MAN drives Tshwane green
Green is the new purple in South Africa’s “Jacaranda City”. This much was apparent when the City of Tshwane’s commuter bus operator, Tshwane Bus Service (TBS), recently took delivery of a new fleet of buses. GAVIN MYERS reports.
Resplendent in bold green livery (even the seats are bright green), the city’s intentions of realising a revitalised commuter bus service was bright and clear – and, to make this happen, MAN Truck & Bus is its partner of choice. Together, over the next three years, the two entities will drive new vigour into both TBS – used by an average of 488 441 commuters every month – and public transport in the city at large.
TBS took delivery of the first batch (44 units) of its new fleet of buses during August, at an auspicious handover ceremony at the operator’s depot. Present were the City of Tshwane’s Executive Mayor, Kgosientso Ramokgopa, and MMC for Roads and Transport, Councillor George Matjila.
The full fleet of 120 Lion’s City A84 rear-engine, low-entry, Euro-5 buses will be operational by December. Twelve of the buses are compliant with the National Land Transport Act Universal Access Public Transport policy, providing easy access to the handicapped and disabled. The full fleet has been procured on a three-year, full-maintenance lease, after which the city will take full ownership.
With MAN vehicles already making up the bulk of the TBS fleet, the two entities have a good working relationship which, as MD of MAN Truck & Bus South Africa, Geoff du Plessis, notes, is made easier by the company being South Africa’s market-leading bus supplier.
“MAN has worked extensively with local municipal commuter bus operators. These relationships provide solid platforms for future transport projects. The fact that MAN is the only ‘one-stop bus shop’ means greater synergies, efficiencies and swifter turnaround times. Today’s event is testimony to the synergies derived from that competitive advantage,” he said before handing the key over to Ramokgopa.
“We couldn’t have hoped for a better partner in MAN. Over the passage of time, the relationship we have has succeeded in offering our people the best service. I hope and pray that this relationship continues to grow,” said Ramokgopa.
“To ensure the city functions in an efficient manner we need to avoid gridlock. One of the best ways of doing that is to ensure that we introduce safe, affordable and reliable public transport – that’s the contribution of these buses,” he continued. “We want to make sure the offering meets international quality standards. We’re going to be biased towards mass public transport and significantly reconfigure the physical construction of the city space.”
Matjila explained: “The introduction of this new fleet represents the first step in the re-engineering of the Tshwane bus service. As part of the strategy, in the near future we will look into expanding the reach of our bus service further afield into areas not serviced before. For this purpose, 11 new routes have been proposed and submitted for approval. It is therefore necessary that, when the new routes are approved, we are ready to service them with our new fleet.” TBS will also be a complementary service to the upcoming “Areyeng” Tshwane Rapid Transit system.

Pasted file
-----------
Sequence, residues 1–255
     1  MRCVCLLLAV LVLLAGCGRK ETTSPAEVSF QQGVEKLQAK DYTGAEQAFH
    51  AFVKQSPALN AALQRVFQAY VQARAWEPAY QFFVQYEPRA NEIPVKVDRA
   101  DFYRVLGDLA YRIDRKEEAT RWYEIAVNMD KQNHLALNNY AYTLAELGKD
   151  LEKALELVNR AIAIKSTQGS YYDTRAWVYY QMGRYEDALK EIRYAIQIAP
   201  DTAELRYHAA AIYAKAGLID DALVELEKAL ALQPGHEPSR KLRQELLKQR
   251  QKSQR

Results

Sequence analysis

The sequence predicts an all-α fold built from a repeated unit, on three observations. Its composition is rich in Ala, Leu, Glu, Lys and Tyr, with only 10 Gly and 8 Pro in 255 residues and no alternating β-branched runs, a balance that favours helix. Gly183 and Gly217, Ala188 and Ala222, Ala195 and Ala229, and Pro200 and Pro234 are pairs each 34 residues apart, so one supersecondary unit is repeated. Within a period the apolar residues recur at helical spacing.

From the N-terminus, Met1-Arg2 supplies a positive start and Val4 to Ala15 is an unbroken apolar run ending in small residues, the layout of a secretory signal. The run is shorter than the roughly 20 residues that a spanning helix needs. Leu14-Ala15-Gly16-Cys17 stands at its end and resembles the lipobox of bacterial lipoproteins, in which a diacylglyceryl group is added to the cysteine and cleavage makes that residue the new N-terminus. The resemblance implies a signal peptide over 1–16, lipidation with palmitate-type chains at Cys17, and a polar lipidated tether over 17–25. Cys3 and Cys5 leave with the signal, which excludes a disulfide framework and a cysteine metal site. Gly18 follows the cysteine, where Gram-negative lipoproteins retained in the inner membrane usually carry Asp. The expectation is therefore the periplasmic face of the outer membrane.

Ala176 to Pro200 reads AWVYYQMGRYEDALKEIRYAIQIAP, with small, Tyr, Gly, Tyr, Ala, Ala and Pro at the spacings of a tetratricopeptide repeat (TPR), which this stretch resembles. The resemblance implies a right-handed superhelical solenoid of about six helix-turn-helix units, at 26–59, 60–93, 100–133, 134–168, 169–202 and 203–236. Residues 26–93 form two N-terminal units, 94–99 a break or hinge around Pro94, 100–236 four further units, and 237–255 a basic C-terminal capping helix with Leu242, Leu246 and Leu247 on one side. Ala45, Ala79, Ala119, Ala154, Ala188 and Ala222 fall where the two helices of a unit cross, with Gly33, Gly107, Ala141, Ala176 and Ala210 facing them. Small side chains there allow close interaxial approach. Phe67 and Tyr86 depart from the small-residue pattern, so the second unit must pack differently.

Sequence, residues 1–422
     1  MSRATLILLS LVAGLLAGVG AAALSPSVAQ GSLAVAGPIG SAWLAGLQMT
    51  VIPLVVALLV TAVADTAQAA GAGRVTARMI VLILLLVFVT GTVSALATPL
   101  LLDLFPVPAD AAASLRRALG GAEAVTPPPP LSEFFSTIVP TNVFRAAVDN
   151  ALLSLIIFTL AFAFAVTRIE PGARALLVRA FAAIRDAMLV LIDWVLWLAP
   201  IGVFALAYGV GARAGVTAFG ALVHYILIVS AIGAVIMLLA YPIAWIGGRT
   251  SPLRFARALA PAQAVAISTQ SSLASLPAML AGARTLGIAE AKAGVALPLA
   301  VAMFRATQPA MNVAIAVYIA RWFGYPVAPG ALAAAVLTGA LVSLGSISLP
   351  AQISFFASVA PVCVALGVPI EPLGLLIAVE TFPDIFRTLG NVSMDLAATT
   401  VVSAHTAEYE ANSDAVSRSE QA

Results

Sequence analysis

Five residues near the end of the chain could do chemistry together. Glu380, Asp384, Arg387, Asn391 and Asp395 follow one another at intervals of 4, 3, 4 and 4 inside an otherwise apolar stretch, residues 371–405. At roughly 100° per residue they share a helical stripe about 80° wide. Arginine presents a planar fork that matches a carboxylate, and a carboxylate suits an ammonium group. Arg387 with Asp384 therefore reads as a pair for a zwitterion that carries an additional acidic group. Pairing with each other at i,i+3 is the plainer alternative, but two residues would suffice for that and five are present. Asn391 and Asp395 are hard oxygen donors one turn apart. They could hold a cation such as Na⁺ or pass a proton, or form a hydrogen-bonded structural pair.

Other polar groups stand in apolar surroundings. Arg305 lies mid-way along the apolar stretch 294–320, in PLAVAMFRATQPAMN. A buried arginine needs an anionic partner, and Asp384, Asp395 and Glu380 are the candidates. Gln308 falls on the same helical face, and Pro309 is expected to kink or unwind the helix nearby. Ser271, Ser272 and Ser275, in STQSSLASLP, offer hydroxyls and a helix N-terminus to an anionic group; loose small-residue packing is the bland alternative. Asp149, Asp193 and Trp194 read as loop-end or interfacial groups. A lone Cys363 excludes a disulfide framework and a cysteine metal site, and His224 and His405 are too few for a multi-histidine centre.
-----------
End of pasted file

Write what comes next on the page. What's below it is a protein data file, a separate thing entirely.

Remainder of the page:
With many of its ageing buses (some as old as 26 years) now being retired, the new fleet is just one key in the plan to drive TBS to new levels of efficiency. The 45-seater buses (with capacity for 20 standing passengers) benefit from several high-tech features. Fitted to boost passenger ergonomics and comfort are interior and exterior destination boards and electronically controlled air suspension.
A door control harness is fitted to prevent the doors from being opened while the bus is in motion. The bus is also fitted with grab rails mounted in key positions, which allow safe entry, exit and movement in the bus. The passenger seats are customised and exclusively configured to support the City’s go-green initiative.
Safety is increased by the fitment of ABS anti-lock brakes, traction control and on-board tracking and monitoring systems. Another feature that will ensure a smooth-running service, will be the new automated fare collection system. To be introduced at the beginning of the next financial year, this will ensure that drivers no longer handle cash, but merely focus on driving.
MAN is proud that the new fleet is locally assembled in Olifantsfontein, Centurion, and is comprised of 80-percent local content. “This is a proudly South African bus. It has world-class styling similar to other markets in the world. These are great examples of how first-world technologies can be adapted to the needs of emerging economies such as ours,” said Du Plessis.
The full-maintenance lease is yet another key to increase efficiency at TBS. This will see MAN technicians handle all maintenance of the fleet over the next three years at the TBS premises. At the same time, the company will transfer skills and knowledge to the City’s own technicians. (MAN will also conduct driver training.)
“We’ll be transferring skills to young people, so it’s important that we have an appreciation that we are growing the City’s pool of skills,” noted Ramokgopa. “As we migrate to mass forms of public transport, we know that the important issues of reliability and maintenance are taken care of, thanks in part to the work MAN is doing.”
Ramokgopa closed the ceremony thus: “Future generations must continue to enjoy the same benefits that we do today. We must give them the best possible opportunity to resolve the challenges they’ll meet in the future.”
With a revitalised public transport fleet and increased efficiencies to come from TBS, future generations can – literally and figuratively – look forward to a much greener City of Tshwane.